Saturday, October 04, 2008

A Synodal Broadcast... of Biblical Proportions

Tomorrow morning in St Paul's Outside the Walls, the Pope will celebrate the opening Mass for the 12th Ordinary Assembly of the Synod of Bishops, this time meeting on "The Word of God in the Life and Mission of the Church."

The second synod of B16's pontificate -- and the first plotted out under his watch (2005's Synod on the Eucharist was largely inherited from John Paul II) -- the three week gathering's been described as a "synod of novelties": major addresses will be given by a rabbi and the patriarch of Constantinople, a record number of women and lay leaders will be present, and delegates will have even less time (five minutes, down from eight) for their interventions, even if it's to facilitate Papa Ratzi's preference for more open discussion as each day's sessions wind down.

Yet of them all, the event's most prominent aspect won't be taking place before the 300 invitees inside the Aula, but on the slightly more accessible channels of the RAI, Italy's state television. Beginning tomorrow with the Pope's reading of the first chapter of Genesis, no less than 1,300 politicians, athletes, celebrities and clerics from the various branches of Christianity, joined by a contingent of Jewish and Muslim luminaries, will take turns reading the Scriptures, cover-to-cover, for a national audience.

Beamed from Rome's Basilica of Santa Croce in Gerusalemme, the initiative -- titled "Bible Day and Night" -- is slated to last through the week; 139 hours, without interruptions, all told. While the city's Chief Rabbi Riccardo de Segni was initially slated to echo the pontiff's Genesis reading in Hebrew from his outpost at the main synagogue, he pulled out on finding that it wasn't to be the case. Even so, the Israeli ambassador to the Holy See Mordechai Lewy will participate early on, as will Andrea Boccelli, the prior of Bose Enzo Bianchi, Rome's Mayor Gianni Alemanno, several former Italian presidents, a host of cardinals and, just after the Pope, the Moscow patriarchate's EU delegate and a Protestant clergywoman, the Oscar-winning thespian/comic Roberto Benigni. The readings scheduled to pause after every handful of chapters for a musical interlude, the planned selections -- performed live by on-site soloists or choirs -- range from Latin motets and Hebrew chants to "Amazing Grace" and "Wade in the Water."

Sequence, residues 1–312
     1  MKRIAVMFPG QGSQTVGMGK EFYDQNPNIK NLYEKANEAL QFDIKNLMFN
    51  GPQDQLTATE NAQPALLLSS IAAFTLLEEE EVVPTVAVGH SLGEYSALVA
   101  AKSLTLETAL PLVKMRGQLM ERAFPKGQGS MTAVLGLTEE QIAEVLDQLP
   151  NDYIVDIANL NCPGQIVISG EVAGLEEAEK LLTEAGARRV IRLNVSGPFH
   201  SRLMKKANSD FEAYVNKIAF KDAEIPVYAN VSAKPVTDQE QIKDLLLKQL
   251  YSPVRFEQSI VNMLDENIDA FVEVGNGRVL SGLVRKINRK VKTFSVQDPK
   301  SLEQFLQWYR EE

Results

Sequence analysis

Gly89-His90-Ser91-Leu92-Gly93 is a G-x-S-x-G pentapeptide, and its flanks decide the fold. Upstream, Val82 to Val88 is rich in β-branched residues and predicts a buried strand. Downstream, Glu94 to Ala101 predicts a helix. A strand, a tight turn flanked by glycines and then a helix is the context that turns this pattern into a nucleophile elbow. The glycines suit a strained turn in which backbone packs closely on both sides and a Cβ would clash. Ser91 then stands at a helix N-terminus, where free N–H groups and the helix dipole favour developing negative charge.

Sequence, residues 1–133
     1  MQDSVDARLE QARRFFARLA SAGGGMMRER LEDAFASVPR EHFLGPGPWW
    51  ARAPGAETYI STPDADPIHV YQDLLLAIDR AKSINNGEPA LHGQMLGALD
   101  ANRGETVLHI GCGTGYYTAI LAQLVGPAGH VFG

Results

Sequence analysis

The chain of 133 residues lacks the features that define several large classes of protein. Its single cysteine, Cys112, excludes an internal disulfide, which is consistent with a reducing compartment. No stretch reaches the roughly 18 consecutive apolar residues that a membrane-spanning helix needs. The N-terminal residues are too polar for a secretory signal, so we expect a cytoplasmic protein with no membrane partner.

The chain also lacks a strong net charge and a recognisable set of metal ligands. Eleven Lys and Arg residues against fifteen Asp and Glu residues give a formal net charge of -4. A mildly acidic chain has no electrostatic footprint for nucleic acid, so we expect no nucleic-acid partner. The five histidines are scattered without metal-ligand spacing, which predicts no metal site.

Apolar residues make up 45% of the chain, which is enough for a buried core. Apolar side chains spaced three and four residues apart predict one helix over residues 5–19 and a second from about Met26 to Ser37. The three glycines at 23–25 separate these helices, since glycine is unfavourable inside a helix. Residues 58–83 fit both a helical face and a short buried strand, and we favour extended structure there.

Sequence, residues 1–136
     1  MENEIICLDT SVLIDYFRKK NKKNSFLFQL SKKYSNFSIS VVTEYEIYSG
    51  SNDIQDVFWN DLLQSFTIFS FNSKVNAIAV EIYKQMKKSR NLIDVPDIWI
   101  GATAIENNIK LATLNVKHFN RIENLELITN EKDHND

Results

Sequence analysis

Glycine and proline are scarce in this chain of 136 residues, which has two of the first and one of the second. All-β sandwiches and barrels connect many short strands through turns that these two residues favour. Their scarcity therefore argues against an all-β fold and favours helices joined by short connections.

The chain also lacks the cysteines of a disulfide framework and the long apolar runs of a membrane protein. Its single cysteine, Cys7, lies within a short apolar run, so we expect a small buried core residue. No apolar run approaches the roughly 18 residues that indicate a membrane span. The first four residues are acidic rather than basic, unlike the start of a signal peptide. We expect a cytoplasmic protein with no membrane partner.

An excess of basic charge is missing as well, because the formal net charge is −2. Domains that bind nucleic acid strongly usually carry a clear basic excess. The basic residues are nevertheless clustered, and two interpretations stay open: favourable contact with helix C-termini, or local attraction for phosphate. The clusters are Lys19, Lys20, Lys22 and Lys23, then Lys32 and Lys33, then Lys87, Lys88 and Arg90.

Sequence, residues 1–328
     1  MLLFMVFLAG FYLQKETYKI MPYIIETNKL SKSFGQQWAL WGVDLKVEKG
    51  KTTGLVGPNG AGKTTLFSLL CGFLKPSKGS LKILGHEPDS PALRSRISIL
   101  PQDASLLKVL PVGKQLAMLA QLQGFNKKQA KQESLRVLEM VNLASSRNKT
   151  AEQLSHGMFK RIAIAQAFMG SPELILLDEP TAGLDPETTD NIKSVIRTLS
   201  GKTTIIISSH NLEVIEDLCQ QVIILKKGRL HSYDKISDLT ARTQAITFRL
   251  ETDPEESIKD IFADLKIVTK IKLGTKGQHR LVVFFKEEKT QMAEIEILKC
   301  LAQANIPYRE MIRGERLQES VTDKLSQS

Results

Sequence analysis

Two American prelates will appear during the week: a delegate to the Synod, Cardinal Daniel DiNardo of Galveston-Houston is scheduled to chip in early Tuesday with part of Kings 1, and the prefect of the CDF Cardinal William Levada -- one of the meeting's rotating presidents -- will read the 20th chapter of John's Gospel on Friday evening. But in what the Curial crowd likely sees as the most appropriate choice of all, the Bible's last chapter -- Apocalypse 22 -- will be read on Saturday afternoon by the Secretary of State, Cardinal Tarcisio Bertone SDB.

Slated to begin at 7pm local time tomorrow (1700GMT; 1pm Eastern) the first and final hours of the "Bible-thon" will be shown on the flagship RAI Uno, with most of the rest on the network's "Edu" channel... however, only Uno's available by livestream.

(SVILUPPO: A livestream link for the entire week's reading is up and running.)

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In other Synod Eve drops, Monday's tone-setter talk by the gathering's secretary (also a "Bible-thon" participant), the Canadian primate Cardinal Marc Ouellet of Quebec, has been previewed... and before departing DC to take a delegate's seat for the second Synod running, Archbishop Donald Wuerl offered some impressions in an interview with his weekly.

PHOTO: L'Osservatore Romano